Art and Design

“I found I could say things with colour and shapes that I couldn’t say any other way—things I had no words for.” Georgia O’Keefe


Art and Design, as the National Curriculum says, “embody some of the highest forms of human creativity.”  At Nunney First School we believe it is an integral part of a child’s learning journey to develop their creativity through Art and Design.

Togetherness – Art is a great tool to bring people together.  Through Art, pupils will have a deepened understanding and connection with the world and people around them.  They will encourage and support each other to develop their creativity.

Happiness –   Not only will Art and Design lessons develop knowledge and skills, they will seek to give pupils a creative outlet and offer an interest that supports good mental health.  They will experience the joy of creating and designing throughout their school journey.  We hope they will develop a genuine interest in the subject, kindling an inner motivation to explore and practise the skills taught beyond the classroom.

Respect  – Pupils will show respect to each other’s pieces and creative processes, giving feedback constructively. They will learn about great artists, craft makers and designers, showing respect and understanding towards the historical and cultural development of their art forms.

Independence – Pupils will aim to master a variety of art techniques and skills. They will develop techniques and put into practise their skills with increasing independence.  They will have opportunities to experiment, invent and create, allowing them to express their own thoughts and ideas.

Variety – Pupils will experience a wide variety of art mediums giving them a breadth of skills to draw upon. Teachers will also ensure that a variety of artists and styles are be part of the curriculum to allow pupils to have a broad understanding of what Art is. Links will be made across the curriculum in subjects such as History, Computing and R.E to further enhance the pupil’s knowledge and skills.

Excellence – High quality art resources will be provided and pupils will strive to produce pieces to an excellent standard.  As they go through the school, they will learn to evaluate and analyse creative works using the language of art, craft and design with increasing confidence and accuracy.


We use a project based method of teaching Art and Design interweaved into our ‘Learning Means the World’ projects on a two year rolling programme. The Art and Design projects are well sequenced to provide a coherent subject scheme that develops children’s skills and knowledge of visual elements, art forms, artists and art movements.   Art projects are interwoven alongside other subjects where there are opportunities for making meaningful connections. For example, Creating 3D forms (masks) has been placed in the same teaching sequence as the Culture project (Come Fly with me to Africa) which has a Geography focus in Year 1 and 2.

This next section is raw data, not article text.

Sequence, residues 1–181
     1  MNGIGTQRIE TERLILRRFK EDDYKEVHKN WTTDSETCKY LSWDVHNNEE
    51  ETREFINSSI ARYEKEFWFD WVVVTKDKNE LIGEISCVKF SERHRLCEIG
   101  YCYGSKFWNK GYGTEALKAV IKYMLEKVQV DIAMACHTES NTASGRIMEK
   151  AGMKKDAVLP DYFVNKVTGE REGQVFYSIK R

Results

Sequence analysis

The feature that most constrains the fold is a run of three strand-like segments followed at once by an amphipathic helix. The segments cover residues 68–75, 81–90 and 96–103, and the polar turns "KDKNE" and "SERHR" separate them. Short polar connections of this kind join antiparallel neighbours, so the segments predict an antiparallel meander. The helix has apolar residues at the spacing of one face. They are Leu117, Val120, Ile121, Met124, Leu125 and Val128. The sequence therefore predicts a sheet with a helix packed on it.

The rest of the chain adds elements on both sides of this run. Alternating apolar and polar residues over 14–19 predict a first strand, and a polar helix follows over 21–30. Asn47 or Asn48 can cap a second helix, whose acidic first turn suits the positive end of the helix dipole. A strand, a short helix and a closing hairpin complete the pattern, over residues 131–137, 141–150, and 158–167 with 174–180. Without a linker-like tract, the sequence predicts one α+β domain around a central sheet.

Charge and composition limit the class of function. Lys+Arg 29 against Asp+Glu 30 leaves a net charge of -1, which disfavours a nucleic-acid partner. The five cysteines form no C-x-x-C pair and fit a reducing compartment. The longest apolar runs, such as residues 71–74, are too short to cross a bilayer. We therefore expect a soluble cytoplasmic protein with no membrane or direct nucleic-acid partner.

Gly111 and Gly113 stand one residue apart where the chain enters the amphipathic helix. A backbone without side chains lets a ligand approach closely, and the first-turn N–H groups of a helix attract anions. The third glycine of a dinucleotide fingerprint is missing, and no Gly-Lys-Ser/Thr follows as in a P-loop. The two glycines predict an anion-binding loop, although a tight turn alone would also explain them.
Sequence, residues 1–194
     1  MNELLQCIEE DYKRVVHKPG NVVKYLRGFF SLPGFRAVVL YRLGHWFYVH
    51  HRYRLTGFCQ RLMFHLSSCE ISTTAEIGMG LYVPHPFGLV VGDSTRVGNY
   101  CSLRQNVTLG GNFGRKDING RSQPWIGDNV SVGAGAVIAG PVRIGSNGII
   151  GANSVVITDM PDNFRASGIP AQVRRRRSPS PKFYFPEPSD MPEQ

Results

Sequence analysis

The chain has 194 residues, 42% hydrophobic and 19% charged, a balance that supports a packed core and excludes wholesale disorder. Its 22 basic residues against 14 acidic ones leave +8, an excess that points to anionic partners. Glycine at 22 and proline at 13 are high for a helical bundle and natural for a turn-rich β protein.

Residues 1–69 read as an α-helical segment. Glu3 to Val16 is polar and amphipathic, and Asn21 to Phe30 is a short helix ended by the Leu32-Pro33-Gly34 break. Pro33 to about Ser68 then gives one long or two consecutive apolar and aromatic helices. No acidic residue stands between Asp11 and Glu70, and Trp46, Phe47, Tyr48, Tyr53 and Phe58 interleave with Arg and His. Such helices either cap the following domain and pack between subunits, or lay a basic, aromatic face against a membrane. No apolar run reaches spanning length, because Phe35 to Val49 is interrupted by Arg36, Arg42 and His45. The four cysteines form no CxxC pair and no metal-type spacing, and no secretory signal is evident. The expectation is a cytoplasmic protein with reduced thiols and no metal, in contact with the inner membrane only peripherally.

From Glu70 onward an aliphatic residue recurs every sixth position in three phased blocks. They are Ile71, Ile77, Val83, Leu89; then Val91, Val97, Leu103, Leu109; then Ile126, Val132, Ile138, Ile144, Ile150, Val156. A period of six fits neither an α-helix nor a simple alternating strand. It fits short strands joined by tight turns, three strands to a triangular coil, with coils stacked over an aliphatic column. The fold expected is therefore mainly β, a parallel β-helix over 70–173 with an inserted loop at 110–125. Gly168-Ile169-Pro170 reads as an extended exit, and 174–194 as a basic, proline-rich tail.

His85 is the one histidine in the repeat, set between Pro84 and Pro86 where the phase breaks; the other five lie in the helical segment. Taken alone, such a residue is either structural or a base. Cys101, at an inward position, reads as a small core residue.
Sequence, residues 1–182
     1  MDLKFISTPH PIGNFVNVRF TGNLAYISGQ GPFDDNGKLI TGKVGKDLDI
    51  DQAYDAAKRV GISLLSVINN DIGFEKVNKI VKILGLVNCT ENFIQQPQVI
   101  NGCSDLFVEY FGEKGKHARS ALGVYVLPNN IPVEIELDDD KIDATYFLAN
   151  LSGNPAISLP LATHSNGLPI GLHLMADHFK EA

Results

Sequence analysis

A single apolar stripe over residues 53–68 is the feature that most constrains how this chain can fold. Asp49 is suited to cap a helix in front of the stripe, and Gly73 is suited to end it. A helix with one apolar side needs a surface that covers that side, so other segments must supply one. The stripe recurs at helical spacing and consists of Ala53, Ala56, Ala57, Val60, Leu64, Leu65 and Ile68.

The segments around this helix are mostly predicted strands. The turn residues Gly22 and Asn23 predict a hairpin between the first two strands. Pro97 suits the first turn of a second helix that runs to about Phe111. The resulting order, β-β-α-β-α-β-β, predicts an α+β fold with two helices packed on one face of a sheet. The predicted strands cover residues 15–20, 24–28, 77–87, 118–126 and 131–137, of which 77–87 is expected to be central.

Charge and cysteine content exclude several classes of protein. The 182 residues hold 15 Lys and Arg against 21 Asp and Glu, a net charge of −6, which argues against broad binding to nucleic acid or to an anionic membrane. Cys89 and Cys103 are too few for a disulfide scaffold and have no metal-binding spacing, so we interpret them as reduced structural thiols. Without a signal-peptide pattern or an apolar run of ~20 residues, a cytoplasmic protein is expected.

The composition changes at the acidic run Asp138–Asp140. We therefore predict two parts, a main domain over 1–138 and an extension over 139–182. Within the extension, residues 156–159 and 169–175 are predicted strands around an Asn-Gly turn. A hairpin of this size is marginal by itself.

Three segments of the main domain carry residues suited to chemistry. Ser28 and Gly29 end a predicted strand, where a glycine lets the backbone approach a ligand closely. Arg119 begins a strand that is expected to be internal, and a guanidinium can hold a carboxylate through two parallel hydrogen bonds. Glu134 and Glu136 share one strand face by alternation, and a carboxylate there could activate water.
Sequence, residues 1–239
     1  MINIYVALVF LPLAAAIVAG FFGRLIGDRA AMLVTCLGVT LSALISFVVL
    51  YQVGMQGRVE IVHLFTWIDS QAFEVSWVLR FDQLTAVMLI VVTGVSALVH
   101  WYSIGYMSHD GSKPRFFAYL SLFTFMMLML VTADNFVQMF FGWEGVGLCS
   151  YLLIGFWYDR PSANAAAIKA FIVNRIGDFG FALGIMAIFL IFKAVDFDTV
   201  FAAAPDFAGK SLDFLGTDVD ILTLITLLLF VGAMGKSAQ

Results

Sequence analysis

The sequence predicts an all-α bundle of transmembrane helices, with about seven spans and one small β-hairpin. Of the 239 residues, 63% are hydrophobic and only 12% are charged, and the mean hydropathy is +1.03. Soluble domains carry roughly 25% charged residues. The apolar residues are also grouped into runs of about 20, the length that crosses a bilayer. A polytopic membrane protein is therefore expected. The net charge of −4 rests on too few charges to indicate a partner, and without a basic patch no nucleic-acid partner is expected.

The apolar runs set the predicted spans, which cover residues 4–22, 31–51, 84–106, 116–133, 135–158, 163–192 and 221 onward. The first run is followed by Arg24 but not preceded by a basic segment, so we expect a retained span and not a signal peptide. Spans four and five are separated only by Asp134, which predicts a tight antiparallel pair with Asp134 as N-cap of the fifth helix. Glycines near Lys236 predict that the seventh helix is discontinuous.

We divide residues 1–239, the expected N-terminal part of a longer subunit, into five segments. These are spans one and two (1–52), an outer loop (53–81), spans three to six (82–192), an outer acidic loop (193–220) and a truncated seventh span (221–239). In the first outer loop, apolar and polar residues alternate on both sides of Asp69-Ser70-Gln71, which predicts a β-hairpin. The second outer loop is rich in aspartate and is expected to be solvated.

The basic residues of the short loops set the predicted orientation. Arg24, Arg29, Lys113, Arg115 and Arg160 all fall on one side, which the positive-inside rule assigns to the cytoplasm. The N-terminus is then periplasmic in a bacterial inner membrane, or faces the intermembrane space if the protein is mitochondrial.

Years 1 and 2 explore themes directly related to the children themselves, such as their facial features, the surrounding natural world and their local community. Further projects expand children’s artistic horizons to study a more comprehensive range of artists, artistic movements, colour theory and creative techniques.

In Years 3 and 4 they build on their previous understanding of colour and further develop their expertise by studying theory.   Pupils expand their experiences to study a broader range of art forms, artists and genres. They also begin to study art from specific and diverse periods of history, including prehistoric pottery and Roman mosaics. Children develop their techniques in printmaking, drawing, painting and textiles. They also explore ways in which ancient cultures have influenced art and crafts by studying, for example, medieval weaving techniques and the religious significance of Islamic art in R.E

A variety of teaching approaches are encouraged:

  • Teacher presentations and discussion
  • Use of photographs, videos, pictures and maps
  • Sketchbooks are used to record ideas and practise techniques
  • Whole class and small group teaching of skills
  • Lots of practical opportunities, for instance to work with clay over a number of weeks
  • Visits to Art Galleries or visiting artists.  (Virtual or in person!)

We also make sure there are cross curricular links in our teaching and questioning. For example, our unit of work on Prehistoric pots works in partnership with the history learning in ‘Through the Ages’. The children learn clay techniques but also reflect on what the pots teach us about the way of life in prehistoric times.